Do You Have IBS? You May Be Vitamin D Deficient
Published in the BMJ Open Gastroenterology December 2015, researchers from the University of Sheffield have discovered a significant association between a patient’s vitamin D levels and the severity of their irritable bowel syndrome (IBS) symptoms, particularly the extent to which IBS affects their quality of life.
IBS is a chronic and debilitating functional disorder of the gastrointestinal (GI) tract which affects around 10-15 % of the western population.
Little is known about why and how the condition develops, although it is known that diet and stress can make symptoms worse.
The study, which researchers state is the first of its kind, found that out of 51 IBS patients tested, 82% exhibited insufficient vitamin D levels.
The study defined vitamin D deficiency as <20 ng/mL (50 nmol/l).
Three groups were established dosing with vitamin D (3000IU), placebo or a combination of vitamin D and the probiotics Lactobacillus acidophilus, CUL60 (NCIMB 30157), CUL21 (NCIMB 30156), Bifidobacterium bifidum CUL20 (NCIMB 30153) and Bifidobacterium animalis subspecies lactis CUL34 (NCIMB 30172).
“Our work has shown that most IBS sufferers in our trial had insufficient levels of vitamin D. Furthermore there was an association between vitamin D status and the sufferer’s perceived quality of life, measured by the extent to which they reported impact on IBS on life,” says lead scientist, Dr Bernard Corfe, from the University’s Molecular Gastroenterology Research Group.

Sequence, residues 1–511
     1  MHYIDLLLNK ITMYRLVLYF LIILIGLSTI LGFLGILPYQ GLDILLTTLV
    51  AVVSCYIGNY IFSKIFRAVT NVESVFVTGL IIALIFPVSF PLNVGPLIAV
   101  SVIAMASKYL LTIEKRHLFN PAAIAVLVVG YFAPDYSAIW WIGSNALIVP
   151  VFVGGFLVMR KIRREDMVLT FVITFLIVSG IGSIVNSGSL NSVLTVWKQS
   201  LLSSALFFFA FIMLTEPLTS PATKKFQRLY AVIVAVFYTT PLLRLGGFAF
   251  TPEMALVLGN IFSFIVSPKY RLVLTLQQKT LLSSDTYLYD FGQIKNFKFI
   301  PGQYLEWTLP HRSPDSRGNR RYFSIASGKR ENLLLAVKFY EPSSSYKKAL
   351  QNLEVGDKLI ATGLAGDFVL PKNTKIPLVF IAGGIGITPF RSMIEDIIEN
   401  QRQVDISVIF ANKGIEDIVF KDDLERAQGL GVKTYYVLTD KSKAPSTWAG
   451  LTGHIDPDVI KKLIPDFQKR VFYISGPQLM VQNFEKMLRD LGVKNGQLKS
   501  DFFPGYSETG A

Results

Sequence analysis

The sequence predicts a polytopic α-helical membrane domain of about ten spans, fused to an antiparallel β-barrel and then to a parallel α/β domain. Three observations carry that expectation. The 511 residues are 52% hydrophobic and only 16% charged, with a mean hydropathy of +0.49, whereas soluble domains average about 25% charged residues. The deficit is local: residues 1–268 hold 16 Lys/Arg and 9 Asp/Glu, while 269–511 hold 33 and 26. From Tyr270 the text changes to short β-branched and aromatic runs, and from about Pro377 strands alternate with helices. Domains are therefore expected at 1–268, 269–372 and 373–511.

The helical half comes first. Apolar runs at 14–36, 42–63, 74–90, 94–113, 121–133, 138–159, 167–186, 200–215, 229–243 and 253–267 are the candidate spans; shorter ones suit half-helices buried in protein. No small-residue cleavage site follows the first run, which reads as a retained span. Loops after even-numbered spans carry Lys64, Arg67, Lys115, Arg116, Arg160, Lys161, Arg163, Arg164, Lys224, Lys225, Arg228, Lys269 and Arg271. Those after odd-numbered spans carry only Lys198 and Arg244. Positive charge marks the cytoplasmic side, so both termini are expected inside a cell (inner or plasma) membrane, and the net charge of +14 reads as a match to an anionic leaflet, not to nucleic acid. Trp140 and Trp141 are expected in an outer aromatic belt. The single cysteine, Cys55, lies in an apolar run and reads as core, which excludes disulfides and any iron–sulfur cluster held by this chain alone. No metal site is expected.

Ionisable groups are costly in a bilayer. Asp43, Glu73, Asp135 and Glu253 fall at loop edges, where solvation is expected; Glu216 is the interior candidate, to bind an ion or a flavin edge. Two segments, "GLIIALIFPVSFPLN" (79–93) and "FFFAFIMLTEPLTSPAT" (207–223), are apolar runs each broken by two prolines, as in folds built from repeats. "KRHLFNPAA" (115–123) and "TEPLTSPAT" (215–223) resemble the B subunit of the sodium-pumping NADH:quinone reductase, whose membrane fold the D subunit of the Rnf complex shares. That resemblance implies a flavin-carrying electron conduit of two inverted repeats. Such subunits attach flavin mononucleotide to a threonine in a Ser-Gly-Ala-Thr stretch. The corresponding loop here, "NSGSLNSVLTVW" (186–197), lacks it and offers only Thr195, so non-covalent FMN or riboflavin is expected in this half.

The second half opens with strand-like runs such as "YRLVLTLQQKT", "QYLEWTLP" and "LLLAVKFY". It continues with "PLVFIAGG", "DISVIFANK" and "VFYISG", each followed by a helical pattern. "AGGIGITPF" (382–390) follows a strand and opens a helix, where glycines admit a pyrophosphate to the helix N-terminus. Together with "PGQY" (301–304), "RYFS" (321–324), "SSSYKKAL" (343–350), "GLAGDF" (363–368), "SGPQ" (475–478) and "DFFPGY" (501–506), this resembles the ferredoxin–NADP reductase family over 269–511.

“It was clear from our findings that many people with IBS should have their vitamin D levels tested, and the data suggests that they may benefit from supplementation with vitamin D ” Corfe noted.
The role of vitamin D supplementation in other GI conditions is also supported by other studies which show associations between a vitamin D deficiency and inflammatory bowel disease. Vitamin D has recently been linked to lowering blood pressure and reducing the risks of heart and kidney disease.
At Emed we believe that vitamin D deficiency is strongly associated with inflammatory diseases such as IBS. We note that the vitamin D deficiency level used as a bench mark in this study is alarmingly low (<20 ng/mL (50 nmol/l).
Vitamin D levels can be easily tested through Emed (or a GP). If vitamin D levels are below 80nmol/L (32ng/mL) (our bench mark) take 5 capsules or drops (5000IU) daily for 3 months and then have levels retested, otherwise take 2 capsules or drops (2000IU) daily as a maintenance dose.
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